While many companies are still thinking about a migration to a microservice architecture, many didn’t hear about Elixir/Erlang yet. It seems weird to me, because Erlang solved a lot of scalability headache before the microservice concept was named; even before the release of Java 1.0.

The purpose of microservices

To be as brief as possible, microservices architecture help in these cases:

  • allow a service to be able to scale: monolithic apps can be hard to scale
  • functional split of the service: teams could have a much adapted code source organization in the case of their project
  • language/tool agnostic solution: you can choose the more suitable tool to solve a specific problem

Despite of this nice characteristics, this is a very expensive architecture (in time, context switching and team skills). If you think costs will just double, I seriously think you are so far from the truth.

A common advice is to start small and simple, so microservices is rarely the best option at the birth of a project.

The case of Elixir

Elixir is welcomed in a microservices architecture, as every other languages. This is one of the purpose of this architecture which enable the “good tool for the right job” spirit. But, that is not my point here.

Technical complexity

One of the killer feature of Elixir is the use of the BEAM (a.k.a. the Erlang VM) under the wood. The BEAM allow you to write an app as a monolith and run it “as microservices” on the host machine; i.e. each operation runs in a single lightweight process (a bit like in a function as a service set-up). Moreover, multiple BEAM could work together on different machines, even at the other side of the earth through the internet!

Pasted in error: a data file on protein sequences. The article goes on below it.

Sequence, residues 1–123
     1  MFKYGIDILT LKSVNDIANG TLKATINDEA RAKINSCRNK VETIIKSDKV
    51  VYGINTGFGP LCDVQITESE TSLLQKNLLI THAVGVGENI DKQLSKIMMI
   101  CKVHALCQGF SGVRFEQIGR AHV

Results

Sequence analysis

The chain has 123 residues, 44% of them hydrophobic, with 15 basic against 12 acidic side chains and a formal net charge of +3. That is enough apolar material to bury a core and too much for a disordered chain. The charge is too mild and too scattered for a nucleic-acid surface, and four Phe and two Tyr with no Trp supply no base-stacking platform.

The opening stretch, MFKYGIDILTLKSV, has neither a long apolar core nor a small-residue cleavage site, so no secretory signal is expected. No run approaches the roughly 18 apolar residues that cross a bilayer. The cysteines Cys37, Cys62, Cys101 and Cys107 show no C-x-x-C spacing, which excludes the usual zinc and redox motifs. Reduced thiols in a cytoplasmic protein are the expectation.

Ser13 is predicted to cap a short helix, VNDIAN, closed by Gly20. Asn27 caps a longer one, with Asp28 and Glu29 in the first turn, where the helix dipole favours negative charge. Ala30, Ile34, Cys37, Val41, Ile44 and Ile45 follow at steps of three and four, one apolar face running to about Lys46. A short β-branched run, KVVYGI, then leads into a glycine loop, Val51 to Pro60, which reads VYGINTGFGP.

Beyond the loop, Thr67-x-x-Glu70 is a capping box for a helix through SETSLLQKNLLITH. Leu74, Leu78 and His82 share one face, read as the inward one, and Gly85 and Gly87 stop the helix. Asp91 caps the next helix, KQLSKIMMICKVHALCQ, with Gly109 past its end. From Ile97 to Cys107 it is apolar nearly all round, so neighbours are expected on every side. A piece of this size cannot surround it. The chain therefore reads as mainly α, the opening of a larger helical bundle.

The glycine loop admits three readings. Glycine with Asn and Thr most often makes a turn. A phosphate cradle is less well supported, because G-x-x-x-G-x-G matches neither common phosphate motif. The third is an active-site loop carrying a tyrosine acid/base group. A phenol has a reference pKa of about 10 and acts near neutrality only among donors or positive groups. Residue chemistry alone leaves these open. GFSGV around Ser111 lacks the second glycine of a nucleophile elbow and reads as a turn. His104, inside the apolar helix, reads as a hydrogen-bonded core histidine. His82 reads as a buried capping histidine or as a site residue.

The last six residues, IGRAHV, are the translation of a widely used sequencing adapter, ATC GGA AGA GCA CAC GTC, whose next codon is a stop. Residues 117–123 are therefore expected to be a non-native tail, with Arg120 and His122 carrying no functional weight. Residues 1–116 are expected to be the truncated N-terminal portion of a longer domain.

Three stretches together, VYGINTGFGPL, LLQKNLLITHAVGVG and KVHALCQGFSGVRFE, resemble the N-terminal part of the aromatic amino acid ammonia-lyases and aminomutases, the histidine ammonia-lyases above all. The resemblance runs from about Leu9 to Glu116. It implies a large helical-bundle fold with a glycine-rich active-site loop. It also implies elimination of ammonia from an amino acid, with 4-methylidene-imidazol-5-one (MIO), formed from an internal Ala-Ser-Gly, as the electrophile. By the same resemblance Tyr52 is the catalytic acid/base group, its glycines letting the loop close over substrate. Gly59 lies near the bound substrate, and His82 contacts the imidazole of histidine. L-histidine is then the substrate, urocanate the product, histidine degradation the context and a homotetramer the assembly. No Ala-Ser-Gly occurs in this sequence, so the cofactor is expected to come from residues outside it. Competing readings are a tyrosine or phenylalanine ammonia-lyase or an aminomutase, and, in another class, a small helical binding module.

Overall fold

This is often the main argument in favor of a microservices architecture. Nevertheless, Elixir (in fact, the BEAM) solved a lot technical problem of scalability a long time ago.

Functional split

The functional split of a project is doable with the concept of Umbrella. It adds a dependency management, but no comparison with microservices complexity.

Language agnostic?

This is the point where Elixir can’t help you. If some tools like Rustler are fantastic to add Rust code in your project, microservices is the architecture of choice for a language agnostic solutions.

In short

Elixir/Erlang can avoid you the complexity of a microservices architecture. If you start a project, choosing it allow you to build a monolith without the need to rebuild everything as microservices in the future. If you feel the need of a functional splitting of the source code, Umbrella come to the rescue. If Elixir does not seem to feet your requirements, feel free to think about a microservices architecture, but start simple as possible (probably with a monolith).

A good real life example is a little service called WhatsApp, who manage a billion users with only 55 engineers. To name some others: Discord, Pinterest, Riot Games.

It scales, period.